Matt: While I did think Emma Stone’s performance in The Help was good, I felt it was one of the easier roles in the film, and hardly on par with Viola Davis’ role. Her performance in the final scene of the film is one of the best (and most heartrending) I have seen this year. As for Streep, while I look forward to seeing her performance on DVD, poor reviews for The Iron Lady stopped me from dropping $8.25 to see the film in theaters. But what are the Oscars without a Streep nomination? After all, with The Iron Lady, Streep receives her 17th Oscar nomination. It would be interesting to see Glenn Close win the award; however, I would be surprised if it is given to anyone other than Davis.

Kristin: I have to agree that Davis had the most moving performance in that film. The Help really had a fantastic ensemble to carry it. I still would have liked to see Stone get some love for her work, even at just the Golden Globes, but I know her role wasn’t quite as dramatic or polarizing as the others. I wouldn’t even recommend seeing The Iron Lady with the exception of Meryl Streep. She gave an excellent performance. The direction of the film was off– it lacked an opinion, had too much focus on Thatcher’s dementia, and just felt too disjointed. That said, Streep’s performance somehow proved that you can have a crappy film and an incredible performance come out of it. I would love either Streep or Davis win, and I’m sure one will. Close and Mara definitely won’t win, and Williams’s nomination reminds me a little of Jennifer Lawrence’s last year, in that the real honor is the nomination.

Matt: I love Streep, but I really hope Davis gets the win. She would be only the second African American woman to win the Best Actress Oscar. I can’t think of a more appropriate role by which to win it.

Kristin: Nick Nolte in Warrior was the surprise addition to this category, and I was very glad to see it. I’m assuming Plummer will walk away with the trophy for his work in Beginners. He gave an exceptional performance, so that would make me happy. I thought Ewan McGregor was brilliant in Beginners and forgotten for his great work. It’s also cool to see a name like “Jonah Hill” join the ranks among the Oscar nominated, although it’s a sure thing that he won’t be winning. I’ve heard great things about Kenneth Branagh in My Week with Marilyn, but I have yet to see that film. I did finally see Drive and think Albert Brooks should have received some kind of credit, although I don’t know if I would have put him in place of Plummer, Hill, or Nolte. The interesting turn in this category is seeing Extremely Loud and Incredibly Close‘s Max von Sydow pick up a nom. I’m curious to see him in that film now.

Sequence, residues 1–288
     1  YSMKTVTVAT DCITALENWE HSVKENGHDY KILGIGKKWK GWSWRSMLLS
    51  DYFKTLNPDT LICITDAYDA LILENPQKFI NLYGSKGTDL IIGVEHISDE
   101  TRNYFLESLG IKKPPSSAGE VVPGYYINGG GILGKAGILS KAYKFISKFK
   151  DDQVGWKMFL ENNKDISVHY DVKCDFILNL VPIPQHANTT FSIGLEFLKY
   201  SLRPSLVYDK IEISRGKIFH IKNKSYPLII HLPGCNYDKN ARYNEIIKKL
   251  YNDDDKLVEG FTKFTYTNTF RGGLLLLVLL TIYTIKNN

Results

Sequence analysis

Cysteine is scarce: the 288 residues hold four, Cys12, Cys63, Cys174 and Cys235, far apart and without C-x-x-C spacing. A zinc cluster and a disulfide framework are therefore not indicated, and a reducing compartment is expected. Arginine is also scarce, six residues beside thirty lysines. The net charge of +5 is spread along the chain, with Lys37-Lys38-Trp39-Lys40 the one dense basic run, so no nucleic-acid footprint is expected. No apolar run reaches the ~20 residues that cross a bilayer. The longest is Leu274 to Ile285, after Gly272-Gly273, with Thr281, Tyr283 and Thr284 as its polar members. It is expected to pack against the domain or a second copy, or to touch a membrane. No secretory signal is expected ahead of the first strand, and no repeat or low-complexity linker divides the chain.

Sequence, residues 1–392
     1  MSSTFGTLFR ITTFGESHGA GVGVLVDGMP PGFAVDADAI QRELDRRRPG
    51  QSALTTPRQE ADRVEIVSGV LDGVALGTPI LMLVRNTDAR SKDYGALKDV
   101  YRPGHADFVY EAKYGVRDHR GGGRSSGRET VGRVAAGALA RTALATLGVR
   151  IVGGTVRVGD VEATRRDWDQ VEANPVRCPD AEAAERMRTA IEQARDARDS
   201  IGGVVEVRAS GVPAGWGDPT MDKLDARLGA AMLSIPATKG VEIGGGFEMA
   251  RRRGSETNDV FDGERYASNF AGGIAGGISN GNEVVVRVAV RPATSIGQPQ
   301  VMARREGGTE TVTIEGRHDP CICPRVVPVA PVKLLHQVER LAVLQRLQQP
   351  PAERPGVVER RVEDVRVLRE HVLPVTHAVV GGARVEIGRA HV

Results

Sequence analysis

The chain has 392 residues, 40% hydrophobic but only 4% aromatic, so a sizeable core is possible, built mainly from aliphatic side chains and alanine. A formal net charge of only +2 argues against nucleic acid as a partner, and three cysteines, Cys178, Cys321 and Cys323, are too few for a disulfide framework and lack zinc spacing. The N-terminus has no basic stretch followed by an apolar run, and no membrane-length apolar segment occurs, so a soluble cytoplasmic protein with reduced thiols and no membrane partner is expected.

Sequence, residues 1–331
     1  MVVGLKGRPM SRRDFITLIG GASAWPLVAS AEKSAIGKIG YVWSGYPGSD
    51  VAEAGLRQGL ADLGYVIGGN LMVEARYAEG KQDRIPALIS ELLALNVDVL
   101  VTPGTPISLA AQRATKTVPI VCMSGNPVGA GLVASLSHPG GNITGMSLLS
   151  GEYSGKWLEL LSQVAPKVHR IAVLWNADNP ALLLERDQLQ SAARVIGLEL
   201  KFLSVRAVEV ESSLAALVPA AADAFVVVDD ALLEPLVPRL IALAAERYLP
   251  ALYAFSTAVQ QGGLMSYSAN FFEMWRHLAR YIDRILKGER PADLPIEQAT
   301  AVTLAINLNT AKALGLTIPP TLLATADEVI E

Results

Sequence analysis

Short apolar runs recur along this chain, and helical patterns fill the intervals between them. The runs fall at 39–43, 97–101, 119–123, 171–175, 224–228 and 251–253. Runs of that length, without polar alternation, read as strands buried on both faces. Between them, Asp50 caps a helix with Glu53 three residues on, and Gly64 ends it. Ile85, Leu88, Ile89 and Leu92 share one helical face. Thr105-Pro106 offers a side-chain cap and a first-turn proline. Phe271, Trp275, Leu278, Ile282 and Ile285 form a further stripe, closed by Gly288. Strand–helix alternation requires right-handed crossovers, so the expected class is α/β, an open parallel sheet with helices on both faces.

Matt: I quite liked Jonah Hill’s work in Moneyball. It was nice to see him actually play a role other than the funny, fat kid. While I hadn’t given him much thought before Moneyball, he now is someone I will watch. I enjoyed seeing Nolte in Warrior; in fact, his role may have been the only thing about that movie I truly did enjoy. However, I didn’t think his performance was anything out of the ordinary; it was enjoyable, but not groundbreaking. I will readily admit my lack of knowledge for the other noms in this category, as sadly, I have not yet had the opportunity to view them. It is nice to see von Sydow get some recognition, albeit only his second nomination. Seems rather sad in such a great career that has spanned over six decades, but many great performances are not realized until decades after their release. So, yes, he should have been nominated Best Actor for his role in The Seventh Seal, not that anyone outside of Sweden would have even recognized his name at that time.

Missing from this section is Brad Pitt for his outstanding role as Mr. O’Brien in The Tree of Life. And the little Jack Russel Terrier from The Artist. 🙂

Kristin: I hope Jonah Hill gets offered some better roles in the future with his success from Moneyball. I know he’s in some upcoming silly movie with Channing Tatum, which probably won’t do him much good, but perhaps he’ll make it a point to be in the occasional drama. I’m happy to agree to disagree with you on Nolte. He probably had the best performance in the film, but I would consider his performance groundbreaking in Warrior.